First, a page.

The researchers from the University of Oxford found that the time spent playing games could be linked with problem behaviour and this was the significant factor rather than the types of games played. They could find no link between playing violent games and real-life aggression or a child’s academic performance. They also found that low levels of play – under an hour a day – might actually benefit behaviour. The findings are published in the journal, Psychology of Popular Media Culture, published by the American Psychological Association.
Lead author Dr Andrew Przybylski, from Oxford University’s Oxford Internet Institute, said: 'We can see links between some types of games and children’s behaviour, as well as time spent playing. However, we cannot say that game play causes good or bad behaviour. We also know that the risks attached to game-playing are small. A range of other factors in a child’s life will influence their behaviour more as this research suggests that playing electronic games may be a statistically significant but minor factor in how children progress academically or in their emotional wellbeing.'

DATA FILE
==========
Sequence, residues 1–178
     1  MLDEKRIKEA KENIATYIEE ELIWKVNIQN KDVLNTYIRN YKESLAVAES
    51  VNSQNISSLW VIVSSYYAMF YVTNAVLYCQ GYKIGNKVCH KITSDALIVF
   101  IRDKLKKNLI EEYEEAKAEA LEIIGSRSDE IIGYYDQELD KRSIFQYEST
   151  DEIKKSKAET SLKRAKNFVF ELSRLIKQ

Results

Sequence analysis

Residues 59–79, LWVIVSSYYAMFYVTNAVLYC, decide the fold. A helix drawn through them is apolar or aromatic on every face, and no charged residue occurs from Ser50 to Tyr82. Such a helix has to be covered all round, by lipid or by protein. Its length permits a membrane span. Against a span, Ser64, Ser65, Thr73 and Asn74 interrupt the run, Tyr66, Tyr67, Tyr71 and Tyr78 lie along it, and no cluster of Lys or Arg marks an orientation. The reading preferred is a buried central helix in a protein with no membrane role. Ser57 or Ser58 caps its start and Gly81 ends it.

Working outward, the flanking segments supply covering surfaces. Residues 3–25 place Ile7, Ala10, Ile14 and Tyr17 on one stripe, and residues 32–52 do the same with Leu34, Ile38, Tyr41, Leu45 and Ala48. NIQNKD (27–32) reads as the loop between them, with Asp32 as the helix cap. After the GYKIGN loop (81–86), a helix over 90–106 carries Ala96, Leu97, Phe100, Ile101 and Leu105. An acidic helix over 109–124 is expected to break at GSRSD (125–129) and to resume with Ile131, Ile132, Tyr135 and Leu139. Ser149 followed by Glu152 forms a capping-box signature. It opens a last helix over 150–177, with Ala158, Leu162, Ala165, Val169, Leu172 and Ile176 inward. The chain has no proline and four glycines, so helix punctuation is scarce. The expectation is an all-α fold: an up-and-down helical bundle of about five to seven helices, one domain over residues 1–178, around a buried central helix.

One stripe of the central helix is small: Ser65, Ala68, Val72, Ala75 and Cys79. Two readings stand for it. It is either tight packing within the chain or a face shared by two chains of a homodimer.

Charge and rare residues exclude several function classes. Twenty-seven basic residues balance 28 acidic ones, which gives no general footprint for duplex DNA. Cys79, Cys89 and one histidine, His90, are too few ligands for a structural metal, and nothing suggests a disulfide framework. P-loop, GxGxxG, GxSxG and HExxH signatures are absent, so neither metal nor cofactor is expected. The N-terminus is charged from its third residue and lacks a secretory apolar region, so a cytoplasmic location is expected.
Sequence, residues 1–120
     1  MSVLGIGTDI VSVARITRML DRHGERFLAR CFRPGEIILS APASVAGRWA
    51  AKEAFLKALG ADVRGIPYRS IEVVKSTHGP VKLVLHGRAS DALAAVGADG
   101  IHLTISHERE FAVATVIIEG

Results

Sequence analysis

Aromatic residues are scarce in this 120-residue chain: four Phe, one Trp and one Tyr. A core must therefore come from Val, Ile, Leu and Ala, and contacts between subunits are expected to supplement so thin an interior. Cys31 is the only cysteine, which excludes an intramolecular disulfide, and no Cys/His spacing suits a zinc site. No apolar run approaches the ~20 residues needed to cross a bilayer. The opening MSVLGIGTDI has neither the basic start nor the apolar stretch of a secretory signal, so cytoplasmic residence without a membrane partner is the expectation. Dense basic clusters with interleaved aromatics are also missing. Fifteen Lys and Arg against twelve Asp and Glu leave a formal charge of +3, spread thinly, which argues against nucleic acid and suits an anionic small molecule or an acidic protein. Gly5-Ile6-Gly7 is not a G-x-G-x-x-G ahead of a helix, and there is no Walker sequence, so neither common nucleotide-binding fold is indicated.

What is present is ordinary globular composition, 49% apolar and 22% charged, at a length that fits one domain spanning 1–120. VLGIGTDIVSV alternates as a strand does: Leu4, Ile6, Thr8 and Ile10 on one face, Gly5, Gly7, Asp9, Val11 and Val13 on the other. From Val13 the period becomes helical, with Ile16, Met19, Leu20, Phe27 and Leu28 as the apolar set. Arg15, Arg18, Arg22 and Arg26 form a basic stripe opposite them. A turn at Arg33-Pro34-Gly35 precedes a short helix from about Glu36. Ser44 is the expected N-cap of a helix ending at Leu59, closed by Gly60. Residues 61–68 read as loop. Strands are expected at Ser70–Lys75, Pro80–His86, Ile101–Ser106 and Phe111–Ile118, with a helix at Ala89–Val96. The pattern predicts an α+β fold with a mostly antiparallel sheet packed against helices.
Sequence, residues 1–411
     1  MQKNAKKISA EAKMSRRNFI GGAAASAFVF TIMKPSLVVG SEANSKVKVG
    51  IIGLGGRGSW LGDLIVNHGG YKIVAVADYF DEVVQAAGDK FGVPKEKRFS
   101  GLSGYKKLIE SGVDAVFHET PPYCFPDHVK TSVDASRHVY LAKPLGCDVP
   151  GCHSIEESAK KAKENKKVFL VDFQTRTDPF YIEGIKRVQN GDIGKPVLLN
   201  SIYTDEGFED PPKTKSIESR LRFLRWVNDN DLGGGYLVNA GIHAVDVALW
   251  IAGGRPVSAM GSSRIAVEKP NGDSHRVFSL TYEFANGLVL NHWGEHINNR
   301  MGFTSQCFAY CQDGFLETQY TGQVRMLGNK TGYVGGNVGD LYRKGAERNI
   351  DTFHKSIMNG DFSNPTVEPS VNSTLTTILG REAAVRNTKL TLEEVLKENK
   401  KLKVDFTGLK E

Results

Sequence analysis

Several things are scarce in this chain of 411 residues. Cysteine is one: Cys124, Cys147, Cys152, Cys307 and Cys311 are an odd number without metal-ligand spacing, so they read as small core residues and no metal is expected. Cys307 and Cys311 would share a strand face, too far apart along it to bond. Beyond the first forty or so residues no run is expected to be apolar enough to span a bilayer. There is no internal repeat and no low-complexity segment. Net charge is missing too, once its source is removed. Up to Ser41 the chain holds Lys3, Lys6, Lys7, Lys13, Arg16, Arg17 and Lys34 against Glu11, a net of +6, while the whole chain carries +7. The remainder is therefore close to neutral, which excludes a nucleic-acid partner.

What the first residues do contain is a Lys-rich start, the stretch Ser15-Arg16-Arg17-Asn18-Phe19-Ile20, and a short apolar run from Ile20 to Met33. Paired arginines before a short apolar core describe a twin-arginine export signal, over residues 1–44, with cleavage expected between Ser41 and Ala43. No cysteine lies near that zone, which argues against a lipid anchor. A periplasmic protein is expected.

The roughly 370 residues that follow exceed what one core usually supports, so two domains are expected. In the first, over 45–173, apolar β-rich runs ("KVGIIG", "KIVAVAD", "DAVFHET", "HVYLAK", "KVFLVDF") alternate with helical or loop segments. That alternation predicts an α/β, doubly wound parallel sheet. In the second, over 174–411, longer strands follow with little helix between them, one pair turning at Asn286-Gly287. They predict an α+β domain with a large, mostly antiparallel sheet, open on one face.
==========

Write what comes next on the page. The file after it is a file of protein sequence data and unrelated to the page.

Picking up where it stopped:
Although some parents might believe that by playing strategy and puzzle games their child might boost their school grades or increase their social skills, the bad news is that the sociability and the grades of the children who played such games were found to be no higher than their non-playing peers.